Three libraries, Kuyasa, Masakhane and Kulani partnered to raise awareness and educate people about cancer.
People were urged and encouraged to take a pledge to fight cancer. The awareness-raising day at Kuyasa library on Wednesday October 25 was focused on breast cancer prevention, risk-reducing behaviour and early detection. A handful of people and members of a seniors’ club turned up for the event at the library.
Those who gathered shared their stories to encourage those battling the disease.
Thuletu Mlumbi-Javu, the librarian at Kuyasa library, said hearing some of the painful stories had been sad but inspiring. She said it was good to see people coming out with stories about themselves and those of family members.
“October is Breast Cancer Awareness Month and we were trying to raise awareness among people and educate them about cancer. We want them to, for example, know the causes, signs, symptoms, eating styles and other forms of cancer,” she said.
She emphasised that people need to be educated about cancer and said more campaigns need to be done as cancer is the main threat to the society. She encourage people to better their lives by staying positive and knowledgeable about the symptoms of cancer.
She applauded those who shared their stories and encouraged people to go for check-ups and steer clear of health hazards.
Among those who encouraged and urged others to remain positive was Wiseman Mbonwa who was mistakenly diagnosed with cancer.
It was nearly 18 years ago when doctors told Mr Mbonwa he had “a few months to live”. But he said through faith he always believed he would be healed.
In the midst of uncertainty from the medical professionals about his condition, Mr Mbonwa stopped going to the doctors and relied on his positive thinking and faith that he would be okay.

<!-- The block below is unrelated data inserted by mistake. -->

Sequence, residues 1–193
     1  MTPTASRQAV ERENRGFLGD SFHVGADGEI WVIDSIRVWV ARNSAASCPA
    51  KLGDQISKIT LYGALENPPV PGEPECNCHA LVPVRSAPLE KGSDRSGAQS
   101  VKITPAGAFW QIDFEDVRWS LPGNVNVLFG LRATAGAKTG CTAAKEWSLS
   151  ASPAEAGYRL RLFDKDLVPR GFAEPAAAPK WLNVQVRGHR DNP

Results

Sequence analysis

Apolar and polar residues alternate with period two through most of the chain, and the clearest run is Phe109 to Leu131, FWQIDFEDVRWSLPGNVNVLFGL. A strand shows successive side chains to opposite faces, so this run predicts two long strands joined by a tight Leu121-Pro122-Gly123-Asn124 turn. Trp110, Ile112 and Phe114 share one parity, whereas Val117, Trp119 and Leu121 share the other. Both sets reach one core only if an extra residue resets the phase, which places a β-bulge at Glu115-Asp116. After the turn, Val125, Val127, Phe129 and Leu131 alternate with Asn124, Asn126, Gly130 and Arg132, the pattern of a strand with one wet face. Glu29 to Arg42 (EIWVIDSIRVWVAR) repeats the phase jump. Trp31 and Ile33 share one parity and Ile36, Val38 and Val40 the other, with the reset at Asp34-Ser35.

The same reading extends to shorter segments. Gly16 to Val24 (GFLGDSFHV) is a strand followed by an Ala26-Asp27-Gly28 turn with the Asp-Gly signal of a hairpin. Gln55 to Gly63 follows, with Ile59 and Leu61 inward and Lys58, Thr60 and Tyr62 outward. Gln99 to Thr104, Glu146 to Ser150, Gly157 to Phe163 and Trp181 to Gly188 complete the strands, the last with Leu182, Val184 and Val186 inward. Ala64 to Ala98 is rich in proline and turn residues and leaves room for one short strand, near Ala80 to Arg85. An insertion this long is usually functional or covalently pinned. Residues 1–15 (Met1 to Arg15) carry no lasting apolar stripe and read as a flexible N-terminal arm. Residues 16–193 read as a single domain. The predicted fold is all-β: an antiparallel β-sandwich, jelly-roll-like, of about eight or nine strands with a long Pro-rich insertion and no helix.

It is now 18 years and Mr Mbonwa is still alive and kicking. He is adamant that he would live for many more happy years.
However, Mr Mbonwa urged anyone diagnosed with cancer to obey their doctors’ orders.
Motivating cancer survivors and the community of Khayelitsha Mr Mbonwa said: “It was the worst time of my live. I stopped believing in doctors but live solely through faith. I believed I was not going to die soon. In fact, I still have more years to live. With God next to me I might make 100 years and more. But I urge those diagnosed with cancer to stay on the doctor’s orders. Attend chemotherapy and other doctor’s orders,” he said. “Do not be like me. You might not be like me.”
He urged those with cancer to stay positive and follow treatment. He said cancer is no difference to other illnesses and can be beaten too.
However, he admitted that he did live through some terrible years. He said being given a gift of death by people you trust is hard and no joke. “I was really worried because I was just told I had nothing to live for. But God was wonderful to me. I had to brave the threat and live on. That is why I am of the belief that cancer is but nothing. That is why I would stand and encourage cancer sufferers to get up, treat it and live a better life. Live your life with a positive attitude and God will add more years to you. This cancer should be dealt with with positivity,” he said.
But Joseph Khephe’s family was not as lucky as Mr Mbonwa. His sister was taken to traditional healers first. When she was finally taken to the doctors, it was discovered that her cancer was at the last stages. She died of cancer.
“Family members thought she was bewitched. We were not aware about cancer at all. I still believe had she been taken to the doctors and diagnosed early, she would still be alive today. I also have hope that all those who are affected will be okay. I am one of those who believe that cancer can be beaten,” he said.
Mr Khephe appealed to people to get knowledge of their illnesses. He said what he has learned about cancer is that it can hide itself.
Library staff said they will be hosting more awarenesses campaigns together.